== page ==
A lawyer for Ian Norris, a British businessman fighting extradition to the U.S. on price-fixing charges, told the U.K.'s highest court that cartels weren't illegal in the U.K. when the alleged conduct occurred.
The 65-year-old former chief executive officer of Morgan Crucible Co. (MGCR) has been charged in Pennsylvania with conspiring with other executives to rig prices in the carbon parts market in the 1990s and trying to obstruct an ensuing investigation. If he loses the appeal, he will become the first person extradited to the U.S. for price-fixing.
Norris's lawyer, Jonathan Sumption QC, told a five-judge panel of the House of Lords in London today that no one has been successfully prosecuted under U.K. criminal law for cartel behavior. The court is considering whether price-fixing was a crime in Britain before the adoption of the Enterprise Act of 2002.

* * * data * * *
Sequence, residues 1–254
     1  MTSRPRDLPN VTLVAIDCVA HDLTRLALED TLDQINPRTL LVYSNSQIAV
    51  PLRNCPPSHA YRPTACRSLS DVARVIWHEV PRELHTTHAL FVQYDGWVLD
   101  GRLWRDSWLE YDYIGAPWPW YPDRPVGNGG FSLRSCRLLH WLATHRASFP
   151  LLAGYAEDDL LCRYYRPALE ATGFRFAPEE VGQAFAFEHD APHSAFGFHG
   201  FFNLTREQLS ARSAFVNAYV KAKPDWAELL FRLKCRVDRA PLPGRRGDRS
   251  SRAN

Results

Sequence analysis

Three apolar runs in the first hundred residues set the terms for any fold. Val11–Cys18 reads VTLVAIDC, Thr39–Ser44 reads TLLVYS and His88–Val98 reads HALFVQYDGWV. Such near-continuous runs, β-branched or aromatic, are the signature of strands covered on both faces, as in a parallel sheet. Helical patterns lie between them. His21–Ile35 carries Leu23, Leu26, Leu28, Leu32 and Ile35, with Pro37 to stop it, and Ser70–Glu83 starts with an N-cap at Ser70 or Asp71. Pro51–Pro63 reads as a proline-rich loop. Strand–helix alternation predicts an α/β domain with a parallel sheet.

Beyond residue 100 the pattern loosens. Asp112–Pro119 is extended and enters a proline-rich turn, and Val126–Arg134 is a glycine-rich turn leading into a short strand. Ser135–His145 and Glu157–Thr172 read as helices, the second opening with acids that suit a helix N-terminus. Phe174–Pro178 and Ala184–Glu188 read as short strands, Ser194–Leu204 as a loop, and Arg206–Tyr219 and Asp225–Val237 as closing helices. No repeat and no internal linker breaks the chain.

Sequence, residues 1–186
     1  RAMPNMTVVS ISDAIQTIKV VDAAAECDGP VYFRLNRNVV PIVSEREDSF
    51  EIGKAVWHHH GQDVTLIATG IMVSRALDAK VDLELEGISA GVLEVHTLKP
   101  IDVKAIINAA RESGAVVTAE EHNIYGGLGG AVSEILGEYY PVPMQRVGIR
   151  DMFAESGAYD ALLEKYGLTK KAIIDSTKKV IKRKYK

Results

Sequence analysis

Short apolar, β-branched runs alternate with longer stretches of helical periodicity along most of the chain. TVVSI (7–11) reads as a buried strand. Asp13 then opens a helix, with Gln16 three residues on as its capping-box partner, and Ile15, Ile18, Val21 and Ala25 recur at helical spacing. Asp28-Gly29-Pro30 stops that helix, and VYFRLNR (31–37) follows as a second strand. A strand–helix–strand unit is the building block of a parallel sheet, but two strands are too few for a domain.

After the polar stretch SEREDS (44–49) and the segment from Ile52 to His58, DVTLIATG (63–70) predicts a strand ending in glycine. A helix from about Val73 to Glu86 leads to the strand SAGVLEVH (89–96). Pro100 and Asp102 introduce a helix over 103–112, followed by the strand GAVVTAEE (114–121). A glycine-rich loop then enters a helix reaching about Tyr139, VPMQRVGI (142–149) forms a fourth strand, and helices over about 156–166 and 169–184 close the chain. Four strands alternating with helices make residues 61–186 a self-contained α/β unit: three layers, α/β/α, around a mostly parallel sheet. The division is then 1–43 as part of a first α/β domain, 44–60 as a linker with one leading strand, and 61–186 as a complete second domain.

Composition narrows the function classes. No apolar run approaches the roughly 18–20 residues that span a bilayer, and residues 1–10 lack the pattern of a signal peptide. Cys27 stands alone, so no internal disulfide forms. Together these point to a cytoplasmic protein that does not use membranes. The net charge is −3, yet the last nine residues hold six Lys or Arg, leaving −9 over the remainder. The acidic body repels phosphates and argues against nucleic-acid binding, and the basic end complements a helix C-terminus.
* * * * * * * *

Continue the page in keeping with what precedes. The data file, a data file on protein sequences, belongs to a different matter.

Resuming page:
``English law has always been highly ambivalent about the regulation of cartels,'' Sumption said.
Lawyers for the U.S. have claimed in the case that any ``dishonest'' attempt to fix prices is covered by the long- standing English charge of conspiracy to defraud.
The rules governing extraditions between the U.S. and the U.K. stipulate that a person can only be extradited for conduct that is a criminal offense in both countries.
The British government first authorized Norris's extradition in September 2005, after a lower court ruled it would be appropriate for the businessman to be tried in the U.S. Norris denies wrongdoing.
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